This is Why Managing PTSD is More Than a “Change in Attitude”

I decided to go to a 90s/00s dance party fitness class last night. It sounded fun, I knew people who were going, and I felt that I was prepared to be aware of how I felt and not overexert myself.

I had a great time, got a good workout in, and made it home to shower right before I had a panic attack that left me in the fetal position, unable to do much more than stare at my hand or sob for over an hour.

This is why I don’t do things or go places. It’s hell after.

I still don’t feel fully cognitive and it’s been 12 hours.

There is no “try harder” or “think positive” or “be more prepared” that prevents what happened to me last night. I did something I thought might be fun, and my brain gave me a beating. There are other factors that were likely at play, but the timing wasn’t coincidence, and I’ve had issues with exercise for years because my brain reads my elevated heart rate as a threat.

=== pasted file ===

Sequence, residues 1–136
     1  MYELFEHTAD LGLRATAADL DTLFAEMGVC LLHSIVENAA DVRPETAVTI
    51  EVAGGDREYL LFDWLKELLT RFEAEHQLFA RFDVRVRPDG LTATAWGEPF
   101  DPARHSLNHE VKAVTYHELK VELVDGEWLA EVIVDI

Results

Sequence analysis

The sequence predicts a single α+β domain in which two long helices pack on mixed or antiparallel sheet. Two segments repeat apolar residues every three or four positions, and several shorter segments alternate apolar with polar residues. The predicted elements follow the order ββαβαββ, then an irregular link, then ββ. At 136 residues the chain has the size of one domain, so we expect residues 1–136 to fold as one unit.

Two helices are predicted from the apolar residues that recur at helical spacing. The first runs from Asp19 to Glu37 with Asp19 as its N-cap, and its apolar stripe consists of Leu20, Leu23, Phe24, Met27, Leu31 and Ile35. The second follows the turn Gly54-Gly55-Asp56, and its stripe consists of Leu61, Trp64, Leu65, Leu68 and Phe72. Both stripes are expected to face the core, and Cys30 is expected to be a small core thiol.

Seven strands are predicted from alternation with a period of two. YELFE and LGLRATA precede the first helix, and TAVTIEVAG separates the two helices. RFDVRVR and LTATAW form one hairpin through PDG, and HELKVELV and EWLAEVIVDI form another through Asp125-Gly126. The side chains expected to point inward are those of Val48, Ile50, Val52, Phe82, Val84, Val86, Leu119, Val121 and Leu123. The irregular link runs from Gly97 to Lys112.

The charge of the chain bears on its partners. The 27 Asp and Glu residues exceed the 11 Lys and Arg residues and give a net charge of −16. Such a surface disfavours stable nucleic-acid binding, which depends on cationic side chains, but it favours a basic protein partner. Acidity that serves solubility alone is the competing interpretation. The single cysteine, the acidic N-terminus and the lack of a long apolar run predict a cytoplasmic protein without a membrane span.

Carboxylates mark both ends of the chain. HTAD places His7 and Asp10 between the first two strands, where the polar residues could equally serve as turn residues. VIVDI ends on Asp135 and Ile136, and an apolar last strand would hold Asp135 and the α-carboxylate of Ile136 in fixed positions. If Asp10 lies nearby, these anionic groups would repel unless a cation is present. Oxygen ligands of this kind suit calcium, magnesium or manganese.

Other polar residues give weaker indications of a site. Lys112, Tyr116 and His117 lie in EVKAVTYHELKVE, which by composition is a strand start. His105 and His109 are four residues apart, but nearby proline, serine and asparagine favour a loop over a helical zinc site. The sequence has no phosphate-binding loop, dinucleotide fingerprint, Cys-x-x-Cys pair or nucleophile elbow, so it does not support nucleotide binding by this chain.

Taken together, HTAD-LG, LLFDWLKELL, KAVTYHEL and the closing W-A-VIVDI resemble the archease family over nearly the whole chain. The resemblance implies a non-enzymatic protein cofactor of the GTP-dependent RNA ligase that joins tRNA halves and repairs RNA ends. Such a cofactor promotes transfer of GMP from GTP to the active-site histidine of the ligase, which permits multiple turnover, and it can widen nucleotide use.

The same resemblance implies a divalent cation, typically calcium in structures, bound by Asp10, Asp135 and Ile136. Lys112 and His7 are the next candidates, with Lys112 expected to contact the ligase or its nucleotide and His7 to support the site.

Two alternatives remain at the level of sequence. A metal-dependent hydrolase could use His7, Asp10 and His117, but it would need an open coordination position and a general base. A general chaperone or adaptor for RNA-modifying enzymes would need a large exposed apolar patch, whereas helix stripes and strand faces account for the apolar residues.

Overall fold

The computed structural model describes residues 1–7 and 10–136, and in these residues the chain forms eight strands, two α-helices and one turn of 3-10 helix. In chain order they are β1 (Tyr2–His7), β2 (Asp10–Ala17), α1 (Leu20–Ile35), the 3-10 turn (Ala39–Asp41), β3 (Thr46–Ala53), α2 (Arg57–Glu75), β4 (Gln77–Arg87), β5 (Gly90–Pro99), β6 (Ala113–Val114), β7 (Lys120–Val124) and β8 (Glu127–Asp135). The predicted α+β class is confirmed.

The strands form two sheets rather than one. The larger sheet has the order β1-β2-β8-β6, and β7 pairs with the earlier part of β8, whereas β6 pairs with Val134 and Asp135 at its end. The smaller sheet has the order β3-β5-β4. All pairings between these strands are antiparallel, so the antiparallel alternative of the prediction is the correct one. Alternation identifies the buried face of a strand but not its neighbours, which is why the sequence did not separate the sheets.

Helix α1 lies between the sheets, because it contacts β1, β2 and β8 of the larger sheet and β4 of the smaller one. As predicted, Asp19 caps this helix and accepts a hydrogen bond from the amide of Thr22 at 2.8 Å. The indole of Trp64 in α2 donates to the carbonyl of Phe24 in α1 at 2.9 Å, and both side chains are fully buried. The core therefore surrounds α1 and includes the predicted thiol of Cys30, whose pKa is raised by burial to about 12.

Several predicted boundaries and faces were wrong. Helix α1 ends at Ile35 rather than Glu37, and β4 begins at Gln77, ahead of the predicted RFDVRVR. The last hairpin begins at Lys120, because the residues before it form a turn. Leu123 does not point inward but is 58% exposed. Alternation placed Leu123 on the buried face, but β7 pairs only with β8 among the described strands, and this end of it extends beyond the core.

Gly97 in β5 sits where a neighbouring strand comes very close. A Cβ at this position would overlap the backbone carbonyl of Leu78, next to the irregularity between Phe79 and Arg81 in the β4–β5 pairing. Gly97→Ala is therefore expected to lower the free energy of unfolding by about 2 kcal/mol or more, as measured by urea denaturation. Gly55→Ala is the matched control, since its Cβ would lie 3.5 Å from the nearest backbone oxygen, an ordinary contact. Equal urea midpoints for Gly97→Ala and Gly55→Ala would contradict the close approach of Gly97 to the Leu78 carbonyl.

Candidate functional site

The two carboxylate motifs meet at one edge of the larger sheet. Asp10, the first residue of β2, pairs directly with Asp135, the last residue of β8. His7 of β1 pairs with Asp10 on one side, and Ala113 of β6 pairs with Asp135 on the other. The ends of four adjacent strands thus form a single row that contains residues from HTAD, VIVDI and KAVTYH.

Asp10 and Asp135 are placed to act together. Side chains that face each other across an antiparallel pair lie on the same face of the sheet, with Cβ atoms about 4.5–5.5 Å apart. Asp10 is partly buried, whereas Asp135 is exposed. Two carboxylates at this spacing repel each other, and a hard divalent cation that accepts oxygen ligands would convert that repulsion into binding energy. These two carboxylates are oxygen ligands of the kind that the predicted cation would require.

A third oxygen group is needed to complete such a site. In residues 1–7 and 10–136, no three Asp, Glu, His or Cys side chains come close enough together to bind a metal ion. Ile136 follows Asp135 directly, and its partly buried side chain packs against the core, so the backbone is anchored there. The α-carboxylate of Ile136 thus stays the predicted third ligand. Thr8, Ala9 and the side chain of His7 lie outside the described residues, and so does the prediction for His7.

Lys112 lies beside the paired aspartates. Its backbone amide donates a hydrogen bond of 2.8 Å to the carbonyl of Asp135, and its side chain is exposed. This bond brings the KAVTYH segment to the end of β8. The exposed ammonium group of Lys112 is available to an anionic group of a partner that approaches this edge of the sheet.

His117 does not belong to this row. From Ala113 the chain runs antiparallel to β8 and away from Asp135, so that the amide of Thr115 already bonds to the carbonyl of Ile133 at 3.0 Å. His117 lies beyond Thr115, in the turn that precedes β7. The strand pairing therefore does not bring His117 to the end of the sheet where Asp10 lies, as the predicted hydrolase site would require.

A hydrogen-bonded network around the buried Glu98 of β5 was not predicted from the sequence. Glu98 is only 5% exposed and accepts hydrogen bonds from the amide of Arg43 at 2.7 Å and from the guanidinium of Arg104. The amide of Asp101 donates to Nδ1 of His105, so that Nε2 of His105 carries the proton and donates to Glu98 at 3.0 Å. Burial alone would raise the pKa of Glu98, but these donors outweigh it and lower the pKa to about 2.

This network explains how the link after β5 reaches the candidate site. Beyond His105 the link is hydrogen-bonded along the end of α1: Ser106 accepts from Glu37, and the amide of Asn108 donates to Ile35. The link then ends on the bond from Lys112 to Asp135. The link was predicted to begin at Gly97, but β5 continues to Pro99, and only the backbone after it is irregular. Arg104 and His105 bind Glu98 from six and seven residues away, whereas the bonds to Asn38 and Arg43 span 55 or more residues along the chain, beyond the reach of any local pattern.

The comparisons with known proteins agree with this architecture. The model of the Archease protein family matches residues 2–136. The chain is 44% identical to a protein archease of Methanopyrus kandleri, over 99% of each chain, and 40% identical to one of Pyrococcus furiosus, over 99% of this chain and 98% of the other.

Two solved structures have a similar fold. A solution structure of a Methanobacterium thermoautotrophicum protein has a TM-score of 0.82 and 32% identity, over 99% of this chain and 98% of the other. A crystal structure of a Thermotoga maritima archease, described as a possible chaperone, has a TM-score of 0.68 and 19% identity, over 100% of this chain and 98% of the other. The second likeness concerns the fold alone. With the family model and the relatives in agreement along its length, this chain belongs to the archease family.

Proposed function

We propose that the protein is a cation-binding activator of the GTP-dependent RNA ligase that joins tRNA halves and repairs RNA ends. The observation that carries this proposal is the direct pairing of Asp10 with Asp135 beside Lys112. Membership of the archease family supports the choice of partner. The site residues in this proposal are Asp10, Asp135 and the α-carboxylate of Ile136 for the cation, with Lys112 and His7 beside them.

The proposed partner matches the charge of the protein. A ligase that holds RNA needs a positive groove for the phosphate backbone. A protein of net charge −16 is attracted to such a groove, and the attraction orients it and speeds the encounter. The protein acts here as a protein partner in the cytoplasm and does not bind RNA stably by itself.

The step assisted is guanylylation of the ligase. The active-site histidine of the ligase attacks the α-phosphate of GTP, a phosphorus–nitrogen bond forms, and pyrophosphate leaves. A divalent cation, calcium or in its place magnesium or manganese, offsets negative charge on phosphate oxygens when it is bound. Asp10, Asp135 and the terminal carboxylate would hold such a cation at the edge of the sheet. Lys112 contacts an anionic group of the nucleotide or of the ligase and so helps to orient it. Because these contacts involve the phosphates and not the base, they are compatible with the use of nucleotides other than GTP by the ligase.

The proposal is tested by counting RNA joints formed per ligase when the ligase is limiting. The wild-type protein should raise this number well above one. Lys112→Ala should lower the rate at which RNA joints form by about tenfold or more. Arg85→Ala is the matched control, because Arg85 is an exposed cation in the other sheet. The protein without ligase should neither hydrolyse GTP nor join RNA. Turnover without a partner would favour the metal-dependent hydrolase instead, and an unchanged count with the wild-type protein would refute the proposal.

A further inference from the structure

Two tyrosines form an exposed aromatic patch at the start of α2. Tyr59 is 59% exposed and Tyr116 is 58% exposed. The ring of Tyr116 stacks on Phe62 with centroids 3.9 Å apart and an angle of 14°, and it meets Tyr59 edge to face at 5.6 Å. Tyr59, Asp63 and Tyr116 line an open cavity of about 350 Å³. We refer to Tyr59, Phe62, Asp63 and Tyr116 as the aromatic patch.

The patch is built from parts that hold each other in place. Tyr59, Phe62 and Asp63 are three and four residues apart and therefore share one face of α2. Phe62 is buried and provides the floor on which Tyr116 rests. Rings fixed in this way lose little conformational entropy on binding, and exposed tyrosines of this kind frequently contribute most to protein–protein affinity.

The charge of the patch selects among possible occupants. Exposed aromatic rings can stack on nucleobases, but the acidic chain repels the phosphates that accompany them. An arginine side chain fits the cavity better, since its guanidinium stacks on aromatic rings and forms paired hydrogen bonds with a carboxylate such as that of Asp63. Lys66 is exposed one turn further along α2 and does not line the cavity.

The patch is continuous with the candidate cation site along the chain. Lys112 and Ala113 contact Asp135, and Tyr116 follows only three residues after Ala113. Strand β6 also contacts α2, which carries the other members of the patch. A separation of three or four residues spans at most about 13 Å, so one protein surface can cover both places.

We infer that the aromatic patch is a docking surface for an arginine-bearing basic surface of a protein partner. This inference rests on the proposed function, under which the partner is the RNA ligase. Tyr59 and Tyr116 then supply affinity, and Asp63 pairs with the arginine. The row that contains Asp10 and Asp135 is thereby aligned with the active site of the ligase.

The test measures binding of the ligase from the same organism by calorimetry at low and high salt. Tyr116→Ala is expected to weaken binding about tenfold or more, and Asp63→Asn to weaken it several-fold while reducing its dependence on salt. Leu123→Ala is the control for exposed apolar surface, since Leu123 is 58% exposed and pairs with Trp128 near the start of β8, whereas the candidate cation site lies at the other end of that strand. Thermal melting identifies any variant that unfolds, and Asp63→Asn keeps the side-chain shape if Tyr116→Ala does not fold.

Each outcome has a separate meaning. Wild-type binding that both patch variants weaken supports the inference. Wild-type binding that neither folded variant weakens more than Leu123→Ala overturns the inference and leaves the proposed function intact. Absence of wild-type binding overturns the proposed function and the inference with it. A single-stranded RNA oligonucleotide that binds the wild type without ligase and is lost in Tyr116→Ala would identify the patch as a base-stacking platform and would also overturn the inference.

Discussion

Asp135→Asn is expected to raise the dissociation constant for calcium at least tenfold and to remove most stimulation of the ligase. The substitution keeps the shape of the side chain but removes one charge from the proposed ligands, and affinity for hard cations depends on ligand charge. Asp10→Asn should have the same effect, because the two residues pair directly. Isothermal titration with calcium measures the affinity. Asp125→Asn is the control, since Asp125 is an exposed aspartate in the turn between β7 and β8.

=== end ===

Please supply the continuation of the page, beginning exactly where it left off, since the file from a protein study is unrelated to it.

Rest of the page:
It’s experiences like that, reminders of how much of your life has been ripped out of your hands by trauma, that can be almost unbearable and make it seem like leaving the house it not worth the risk.

But I have things to do today, so I might be a bit slow, but I am going to leave the house and do them and try again, because trauma isn’t winning today.

2 thoughts on “This is Why Managing PTSD is More Than a “Change in Attitude”

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